I've noticed that as I add more vertexes to a Line Renderer line the line twists and stops being a smooth line.

enter image description here

.GIF Here: http://i.imgur.com/hRAhCXM.gif

All lines are on the same z level, even if I remove the materials the lines still seem to twist.

I have no idea why it does this, or how to go about resolving it, any suggestions?C#

  • \$\begingroup\$ This is a problem with the algorithm the LineRenderer uses to position its vertices, which deals poorly with sharp corners. You can ameliorate it somewhat by adding more points to round-out the corners, but the most robust method I've found is to duplicate its functionality for yourself with a better algorithm, by creating a dynamic Mesh with the vertices you need, or creatively exploiting a ParticleSystem to draw the chain of points. \$\endgroup\$ – DMGregory Feb 10 '15 at 21:32
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    \$\begingroup\$ Update: Later versions of Unity (5 5+) have improved the LineRenderer algorithm, so users considering using LineRenderers may find the out-of-the-box result is substantially better these days. \$\endgroup\$ – DMGregory Jun 17 '17 at 12:23

The problem is basically this:

enter image description here

The LineRenderer is trying to connect the red dot positions. It's creating the green vertices to make a mesh. So the top line segment looks great. But then the LineRenderer tries to be economical, it reuses the vertices from the end of one line segment in the end of the second line segment. When there's a sharp angle, you get the problem you're seeing. The second line segment is pinched at the intersection because its 'end cap' is not perpendicular with its other 'end cap'.

The solution is to create your own line renderer, and not make it so economical. You can do this by generating a dynamic mesh. The mesh will consist of a series of thin quads. For each line segment, you can compute the four corners of the quad by calculating the normal of the line and a specified line width:

Vector3 normal = Vector3.Cross(start, end);
Vector3 side = Vector3.Cross(normal, end-start);
Vector3 a = start + side * (lineWidth / 2);
Vector3 b = start + side * (lineWidth / -2);
Vector3 c = end + side * (lineWidth / 2);
Vector3 d = end + side * (lineWidth / -2);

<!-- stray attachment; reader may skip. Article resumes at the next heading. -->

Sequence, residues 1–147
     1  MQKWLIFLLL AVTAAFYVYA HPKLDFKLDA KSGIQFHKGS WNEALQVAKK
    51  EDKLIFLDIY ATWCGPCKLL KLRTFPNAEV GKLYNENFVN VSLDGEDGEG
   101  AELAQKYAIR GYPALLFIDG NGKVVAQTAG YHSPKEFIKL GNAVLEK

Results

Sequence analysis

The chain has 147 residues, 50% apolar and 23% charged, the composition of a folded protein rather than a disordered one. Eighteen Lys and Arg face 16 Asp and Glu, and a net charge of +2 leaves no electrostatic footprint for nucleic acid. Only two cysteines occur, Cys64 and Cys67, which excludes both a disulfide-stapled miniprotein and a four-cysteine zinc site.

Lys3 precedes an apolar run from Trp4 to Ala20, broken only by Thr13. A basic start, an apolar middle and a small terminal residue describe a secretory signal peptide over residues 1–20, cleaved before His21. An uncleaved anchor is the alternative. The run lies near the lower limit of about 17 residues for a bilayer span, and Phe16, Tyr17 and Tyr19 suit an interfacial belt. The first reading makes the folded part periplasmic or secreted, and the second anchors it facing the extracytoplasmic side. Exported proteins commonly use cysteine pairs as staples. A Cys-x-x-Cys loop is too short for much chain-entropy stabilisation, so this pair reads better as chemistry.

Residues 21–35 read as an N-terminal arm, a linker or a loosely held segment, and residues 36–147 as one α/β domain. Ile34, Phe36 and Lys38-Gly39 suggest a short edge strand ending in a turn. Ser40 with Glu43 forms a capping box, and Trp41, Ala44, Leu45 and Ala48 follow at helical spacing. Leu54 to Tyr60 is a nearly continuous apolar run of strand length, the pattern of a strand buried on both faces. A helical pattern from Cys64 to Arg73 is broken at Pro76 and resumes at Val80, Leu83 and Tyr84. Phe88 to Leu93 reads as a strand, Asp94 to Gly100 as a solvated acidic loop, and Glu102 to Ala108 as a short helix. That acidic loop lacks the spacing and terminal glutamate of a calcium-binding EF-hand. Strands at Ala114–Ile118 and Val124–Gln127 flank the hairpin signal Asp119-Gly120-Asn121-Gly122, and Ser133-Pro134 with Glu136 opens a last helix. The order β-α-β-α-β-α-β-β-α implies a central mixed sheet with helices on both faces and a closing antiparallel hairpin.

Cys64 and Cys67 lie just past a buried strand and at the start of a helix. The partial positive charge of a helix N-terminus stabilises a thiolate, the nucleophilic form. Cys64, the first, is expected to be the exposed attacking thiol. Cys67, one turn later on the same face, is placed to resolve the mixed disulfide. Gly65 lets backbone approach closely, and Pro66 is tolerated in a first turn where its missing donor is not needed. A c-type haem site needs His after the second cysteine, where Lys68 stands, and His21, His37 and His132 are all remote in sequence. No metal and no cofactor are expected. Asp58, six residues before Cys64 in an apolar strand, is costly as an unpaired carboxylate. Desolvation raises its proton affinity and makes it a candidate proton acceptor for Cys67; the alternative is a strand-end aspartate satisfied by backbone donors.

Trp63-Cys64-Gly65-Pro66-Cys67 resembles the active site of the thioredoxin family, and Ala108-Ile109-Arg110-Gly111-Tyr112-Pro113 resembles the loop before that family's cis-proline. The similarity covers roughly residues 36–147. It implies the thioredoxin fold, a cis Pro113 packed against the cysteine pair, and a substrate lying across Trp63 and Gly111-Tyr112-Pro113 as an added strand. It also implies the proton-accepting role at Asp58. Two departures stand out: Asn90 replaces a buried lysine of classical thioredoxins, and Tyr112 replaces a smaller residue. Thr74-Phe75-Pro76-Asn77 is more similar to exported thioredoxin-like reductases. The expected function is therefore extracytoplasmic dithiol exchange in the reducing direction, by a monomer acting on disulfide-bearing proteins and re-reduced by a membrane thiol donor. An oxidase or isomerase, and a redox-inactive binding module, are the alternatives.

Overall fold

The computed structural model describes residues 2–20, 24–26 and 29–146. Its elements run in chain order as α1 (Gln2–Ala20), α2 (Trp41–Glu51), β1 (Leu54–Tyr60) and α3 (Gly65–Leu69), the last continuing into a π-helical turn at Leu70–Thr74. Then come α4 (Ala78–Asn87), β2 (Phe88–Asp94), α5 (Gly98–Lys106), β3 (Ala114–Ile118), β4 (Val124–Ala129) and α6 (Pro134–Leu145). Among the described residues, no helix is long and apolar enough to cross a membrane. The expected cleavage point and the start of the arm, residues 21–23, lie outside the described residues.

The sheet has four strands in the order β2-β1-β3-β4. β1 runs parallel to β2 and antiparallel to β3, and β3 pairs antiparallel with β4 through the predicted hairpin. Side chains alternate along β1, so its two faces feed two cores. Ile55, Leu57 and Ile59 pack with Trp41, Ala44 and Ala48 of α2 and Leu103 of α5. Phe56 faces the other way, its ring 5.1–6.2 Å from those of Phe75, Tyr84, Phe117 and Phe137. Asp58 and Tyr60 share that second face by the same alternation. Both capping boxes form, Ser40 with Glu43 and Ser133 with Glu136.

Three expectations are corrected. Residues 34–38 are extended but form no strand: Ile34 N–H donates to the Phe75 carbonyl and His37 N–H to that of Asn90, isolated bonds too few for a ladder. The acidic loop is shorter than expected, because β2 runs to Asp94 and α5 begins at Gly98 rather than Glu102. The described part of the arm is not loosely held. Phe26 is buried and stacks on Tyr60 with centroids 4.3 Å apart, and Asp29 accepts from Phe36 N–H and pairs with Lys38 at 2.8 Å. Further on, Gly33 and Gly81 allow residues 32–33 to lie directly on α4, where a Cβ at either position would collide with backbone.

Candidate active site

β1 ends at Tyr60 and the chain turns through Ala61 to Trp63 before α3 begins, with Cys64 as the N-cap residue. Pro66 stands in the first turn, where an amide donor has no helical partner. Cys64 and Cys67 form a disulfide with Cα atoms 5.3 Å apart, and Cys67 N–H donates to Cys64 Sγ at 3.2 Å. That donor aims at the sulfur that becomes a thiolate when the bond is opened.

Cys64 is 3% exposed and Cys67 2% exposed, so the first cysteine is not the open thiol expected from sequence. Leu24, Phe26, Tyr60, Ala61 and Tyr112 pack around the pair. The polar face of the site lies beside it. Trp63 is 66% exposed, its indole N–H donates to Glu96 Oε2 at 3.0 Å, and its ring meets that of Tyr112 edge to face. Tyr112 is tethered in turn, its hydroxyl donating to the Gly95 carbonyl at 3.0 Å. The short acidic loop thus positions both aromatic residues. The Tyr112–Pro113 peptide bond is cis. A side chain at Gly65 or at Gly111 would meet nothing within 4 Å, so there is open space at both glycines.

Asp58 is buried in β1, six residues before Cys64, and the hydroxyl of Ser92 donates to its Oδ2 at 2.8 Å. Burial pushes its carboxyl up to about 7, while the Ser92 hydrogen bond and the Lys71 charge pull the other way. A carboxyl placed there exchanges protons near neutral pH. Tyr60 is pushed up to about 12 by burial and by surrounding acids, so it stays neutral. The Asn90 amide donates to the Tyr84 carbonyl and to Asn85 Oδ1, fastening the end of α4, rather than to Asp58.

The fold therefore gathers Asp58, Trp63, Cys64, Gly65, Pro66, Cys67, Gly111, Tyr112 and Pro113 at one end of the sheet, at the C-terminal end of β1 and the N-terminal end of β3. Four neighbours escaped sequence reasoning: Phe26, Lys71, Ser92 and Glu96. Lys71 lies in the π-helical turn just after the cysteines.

Here, a, b, c and d make up the four corners of a single line segment, just like the green dots in the image above. These vertices would be added to the mesh, and you'd also add the indices to make the four vertices into two triangles (so, six indices would be added, a-b-c and b-d-c).

This can obviously get rather complex. I believe another reason Unity implemented their LineRenderer the way they did was because doing it that way avoids another problem, corners. When you start drawing each line segment you'll start to see where the two line segments come together and form an ugly joint. There are ways to deal with this by calculating the shared normal between both lines and updating their vertices to the shared normal, but this only partially solves the problem, since you can still easily end up with pinched lines. The most robust solution is to generate additional vertices at the joints to act as corners.

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    \$\begingroup\$ You can also probably get away with using the unity line renderer and inserting additional points to create a small miter. Just put a point a little ways toward the next point from the previous point. \$\endgroup\$ – mklingen Feb 11 '15 at 22:20
  • \$\begingroup\$ Great explanation Byte, thanks. I'll probably try and see if I can't generate more points at each of the corners, if that doesn't work out well, I'll go ahead and try my hand at making a dynamic mesh. Thank you. \$\endgroup\$ – Douglas Gaskell Feb 12 '15 at 7:47

I had the same problem and I solve it adding more points to smooth edges its not an elegant solution but its simple and works. At least for me. I wrote a function to do this:

Vector3[] Generate_Points(Vector3[] keyPoints, int segments=100){
    Vector3[] Points = new Vector3[(keyPoints.Length - 1) * segments + keyPoints.Length];
    for(int i = 1; i < keyPoints.Length;i++){
        Points [(i - 1) * segments + i - 1] = new Vector3(keyPoints [i-1].x,keyPoints [i-1].y,0);
        for (int j = 1;j<=segments;j++){
            float x = keyPoints [i - 1].x;
            float y = keyPoints [i - 1].y;
            float z = 0;//keyPoints [i - 1].z;
            float dx = (keyPoints [i].x - keyPoints [i - 1].x)/segments;
            float dy = (keyPoints [i].y - keyPoints [i - 1].y)/segments;
            Points [(i - 1) * segments + j + i - 1] = new Vector3 (x+dx*j,y+dy*j,z);
    Points [(keyPoints.Length - 1) * segments + keyPoints.Length - 1] = new Vector3(keyPoints [keyPoints.Length-1].x,keyPoints [keyPoints.Length-1].y,0);
    return Points;

One way to solve this for opaque lines is to render a circle at each joint. The circle needs to have a diameter equal to the line width. This requires a few extra vertices to be rendered, but looks really nice. You also can then get rid of the shared normals between the joints.

This still requires that you write your own rendering code instead of using the Unity Line Renderer.

I made an asset that does just this at http://u3d.as/nFE


The way I avoided this is that I always set the z position to 0 in the LineRenderer.SetPosition() method. So instead of writing

LineRenderer.SetPosition(i, myVector3);

I wrote

LineRenderer.SetPosition(i, new Vector3(myVector3.x, myVector3.y, 0));

But that isn't the best solution as you will still get those strange lines. The best solution that I could think of was creating separate lines. That worked perfectly for me. Hope this helps you.


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